Teresa Jackson from Continuing Education
Sharon Langford from Livingston
Holly Nimmo from Public Relations
Beverly Peden from Learning Commons
Janet Poindexter from Livingston
Tabatha Roll of the Office of Admissions

Every month a winner is drawn from the pool of nominees who were seen offering exceptional service to the Vol State community. The award recipient receives a certificate of appreciation and a $20 gift card. Any Vol State employee can fill out the short nomination form to recognize any permanent classified staff employee by going to the Staff Council web page

Monday, November 3, 2014

Painting for a Good Cause

The Vol state Men's Basketball team helped to paint  a house in Gallatin recently as part of a Habitat for Humanity project. Vol State athletes perform many hours of community service each semester.

Friday, October 24, 2014

Dr. Faulkner: T Shaped Persons

We’ve all likely heard of the hour-glass figure.  One web site says there are four body types – hourglass, spoon, rectangle and triangle.  A few years ago the idea was circulated that whether you were apple shaped or pear shaped had impacts on your future health.  This idea was refuted by a study done at the University of California, Davis.  I have concluded that I am melon shaped.

A few days ago I came across a new term – T shaped person.  The term apparently was first used in 1991 in a London newspaper to describe the type of computer manager in demand in IT fields.  It has since been used to describe candidates in a wide range of employment.

The term describes someone who is skilled in two planes, hence the use of the letter “T.”  The vertical portion of the T describes the depth of skills in a particular area.  For example, having skills in engineering, architecture, accounting, media, or business.  The horizontal portion represents the abilities of the person in relational skills like collaboration, empathy, understanding, and cooperation.  In short it represents both depth and breadth of characteristics.

We have all known person who were “deep” in their field but could not relate to other people.  These are “I” shaped people.  A common complaint from students is, “He/she is a very smart person, but they don’t know how to teach.” 

As a college, we want our students to become T shaped persons.  We want them to be excellent in the knowledge and skills of their chosen career.  But we also want graduates that can excel relationally.  We want our health science students to have great technical skills but also to have a good bed-side manner.  Sometimes the relational skills are a side effect of the program they are in and sometimes they are more purposed. 

Part of developing that horizontal plane is the general education requirement that is part of all our degrees.  What some may call the liberal arts gives our students a breadth of understanding of a variety of aspects of life and the ability to communicate with others both orally and in writing.  Another way we can broaden a student’s relational skills is the way we relate outside the classroom.  Giving exemplary customer service models relational skills for our graduates.

The challenge is for all of us to evaluate our own “shape” and to model a well-balanced “T” for our students.

-Dr. Jerry Faulkner

Hilary Marabeti Honored for Community Impact

Vol State assistant vice-president for Continuing Education and Economic Development, Hilary Marabeti, was honored recently with the "Women Impacting the Community" award from the Hendersonville Area Chamber of Commerce. Six women leaders were honored at the dinner. Lynn Johnson, owner of Primrose School in Hendersonville, presented Hilary with the award. Congratulations to Hilary, it's a well-deserved honor given her 42 years of service in higher education in a number of different roles.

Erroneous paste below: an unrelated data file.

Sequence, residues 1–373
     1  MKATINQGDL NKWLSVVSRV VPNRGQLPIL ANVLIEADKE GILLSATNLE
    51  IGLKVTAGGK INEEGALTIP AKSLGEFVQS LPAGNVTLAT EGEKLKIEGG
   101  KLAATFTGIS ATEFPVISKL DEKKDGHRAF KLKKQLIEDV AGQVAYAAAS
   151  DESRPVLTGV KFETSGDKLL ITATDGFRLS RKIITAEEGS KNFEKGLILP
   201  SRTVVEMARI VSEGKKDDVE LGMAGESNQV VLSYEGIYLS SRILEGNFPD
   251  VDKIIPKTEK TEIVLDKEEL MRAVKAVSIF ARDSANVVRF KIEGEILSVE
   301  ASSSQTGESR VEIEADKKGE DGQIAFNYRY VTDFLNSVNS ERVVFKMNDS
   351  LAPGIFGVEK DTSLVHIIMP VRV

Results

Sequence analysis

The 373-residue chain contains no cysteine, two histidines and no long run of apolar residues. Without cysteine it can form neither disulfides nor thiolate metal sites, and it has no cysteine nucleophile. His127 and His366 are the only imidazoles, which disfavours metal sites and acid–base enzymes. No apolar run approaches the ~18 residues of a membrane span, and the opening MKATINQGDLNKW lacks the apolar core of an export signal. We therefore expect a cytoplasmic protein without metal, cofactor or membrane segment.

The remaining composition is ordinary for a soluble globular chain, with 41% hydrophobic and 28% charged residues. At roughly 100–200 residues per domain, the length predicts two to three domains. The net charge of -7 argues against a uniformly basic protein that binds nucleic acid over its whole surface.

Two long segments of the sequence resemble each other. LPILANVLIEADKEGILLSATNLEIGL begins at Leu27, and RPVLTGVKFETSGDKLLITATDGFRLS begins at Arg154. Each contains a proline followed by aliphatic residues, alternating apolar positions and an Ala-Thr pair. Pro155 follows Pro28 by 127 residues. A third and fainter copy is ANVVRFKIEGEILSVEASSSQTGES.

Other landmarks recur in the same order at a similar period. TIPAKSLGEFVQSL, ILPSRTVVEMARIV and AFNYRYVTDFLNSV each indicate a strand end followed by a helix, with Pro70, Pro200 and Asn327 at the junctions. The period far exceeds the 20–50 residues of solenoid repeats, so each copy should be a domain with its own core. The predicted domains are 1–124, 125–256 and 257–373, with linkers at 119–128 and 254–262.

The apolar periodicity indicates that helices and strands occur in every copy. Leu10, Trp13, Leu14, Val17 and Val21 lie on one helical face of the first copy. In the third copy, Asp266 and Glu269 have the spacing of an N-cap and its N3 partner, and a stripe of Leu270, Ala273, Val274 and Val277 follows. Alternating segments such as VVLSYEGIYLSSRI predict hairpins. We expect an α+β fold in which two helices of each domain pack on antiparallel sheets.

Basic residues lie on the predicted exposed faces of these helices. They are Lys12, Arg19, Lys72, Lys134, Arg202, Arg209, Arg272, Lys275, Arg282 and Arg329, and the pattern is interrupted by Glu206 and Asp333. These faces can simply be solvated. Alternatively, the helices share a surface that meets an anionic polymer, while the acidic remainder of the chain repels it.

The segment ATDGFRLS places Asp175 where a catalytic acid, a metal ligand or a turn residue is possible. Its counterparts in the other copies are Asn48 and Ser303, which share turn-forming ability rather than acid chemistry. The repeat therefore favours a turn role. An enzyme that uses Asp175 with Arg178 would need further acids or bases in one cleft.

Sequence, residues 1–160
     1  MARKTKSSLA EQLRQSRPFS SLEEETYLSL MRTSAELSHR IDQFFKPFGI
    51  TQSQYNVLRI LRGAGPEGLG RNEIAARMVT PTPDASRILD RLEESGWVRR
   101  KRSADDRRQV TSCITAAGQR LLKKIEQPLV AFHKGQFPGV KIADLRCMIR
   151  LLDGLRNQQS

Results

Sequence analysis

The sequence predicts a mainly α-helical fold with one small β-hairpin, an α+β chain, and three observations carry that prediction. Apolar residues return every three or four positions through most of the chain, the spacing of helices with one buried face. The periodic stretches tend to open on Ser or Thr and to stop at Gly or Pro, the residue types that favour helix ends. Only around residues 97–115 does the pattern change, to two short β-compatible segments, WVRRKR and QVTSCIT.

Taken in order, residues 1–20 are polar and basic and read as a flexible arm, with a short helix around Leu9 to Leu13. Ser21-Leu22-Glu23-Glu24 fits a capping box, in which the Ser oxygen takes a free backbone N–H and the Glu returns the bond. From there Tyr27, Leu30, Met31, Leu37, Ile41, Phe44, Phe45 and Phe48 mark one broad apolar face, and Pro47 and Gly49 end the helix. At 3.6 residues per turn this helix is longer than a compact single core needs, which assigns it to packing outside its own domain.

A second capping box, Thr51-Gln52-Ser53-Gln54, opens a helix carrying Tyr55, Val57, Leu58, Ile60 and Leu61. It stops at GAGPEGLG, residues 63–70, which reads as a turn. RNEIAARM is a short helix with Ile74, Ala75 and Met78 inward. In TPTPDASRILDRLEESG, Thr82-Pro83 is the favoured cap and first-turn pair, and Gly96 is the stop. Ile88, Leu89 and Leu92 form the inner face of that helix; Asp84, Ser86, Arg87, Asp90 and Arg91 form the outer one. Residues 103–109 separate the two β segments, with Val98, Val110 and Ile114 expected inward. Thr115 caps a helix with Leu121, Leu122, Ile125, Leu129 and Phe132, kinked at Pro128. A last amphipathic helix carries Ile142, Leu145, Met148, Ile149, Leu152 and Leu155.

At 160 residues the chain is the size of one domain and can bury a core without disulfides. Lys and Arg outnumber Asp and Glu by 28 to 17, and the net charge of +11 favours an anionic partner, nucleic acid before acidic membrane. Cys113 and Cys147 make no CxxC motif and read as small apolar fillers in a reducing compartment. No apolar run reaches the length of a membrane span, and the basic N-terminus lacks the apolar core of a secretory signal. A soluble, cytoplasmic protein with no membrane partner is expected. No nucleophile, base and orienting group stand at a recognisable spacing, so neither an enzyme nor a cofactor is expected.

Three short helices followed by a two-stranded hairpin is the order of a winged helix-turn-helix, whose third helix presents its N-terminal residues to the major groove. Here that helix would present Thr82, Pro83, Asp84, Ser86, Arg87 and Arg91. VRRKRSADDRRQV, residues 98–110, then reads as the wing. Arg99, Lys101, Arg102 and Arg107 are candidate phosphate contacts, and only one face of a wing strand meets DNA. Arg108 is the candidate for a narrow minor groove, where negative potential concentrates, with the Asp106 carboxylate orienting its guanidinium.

Wednesday, October 22, 2014

Vol State Student Researchers Take Top Honors in Organic Chemistry Competition

People may not associate community college students with scientific research. However, Vol State students may be changing that perception. Recently Vol State Math and Science students took top honors in a student competition at the Southeastern Regional Meeting of the American Chemical Society (SERMACS) in Nashville. Vol State was the only community college to compete and the Vol State students beat out more than eighty other students from universities across the South. Emmy Davis of Hendersonville, Nicole Gammons of Mt. Juliet, and Phillip Martinez of Lebanon received the first place award in the Organic Chemistry Division for their research presentation titled “Investigations of Green and Microscale Methods in the Synthesis of Several Flavones.” Chemists from all over the region did the judging.

“I always love interacting with people who really know their stuff,” said Martinez. “A lot of them identified with what I told them I learned about recrystallization.”

“I’m a pre-pharmacy major and this was my first research experience,” Davis said. “I can definitely see myself doing more research in the future. I’m considering pharmaceutical research as a possible career path now.”

“It was amazing that we were the only community college there and that we won. It was definitely nerve-wracking because it was my first conference and there were so many presentations.”

The students attended the conference as part of a Community College Undergraduate Research Initiative (CCURI) grant that also funds scientific research conducted by hundreds of Vol State students each year. This particular project was conducted by a Vol State undergraduate research class. The goal was to develop new labs for chemistry classes next semester.

“To do this well at synthesis is unique in a community college setting,” said faculty member Parris Powers of the winning students. “I think this project allowed them to see the bigger picture, including the connections to pharmaceuticals and biochemistry.”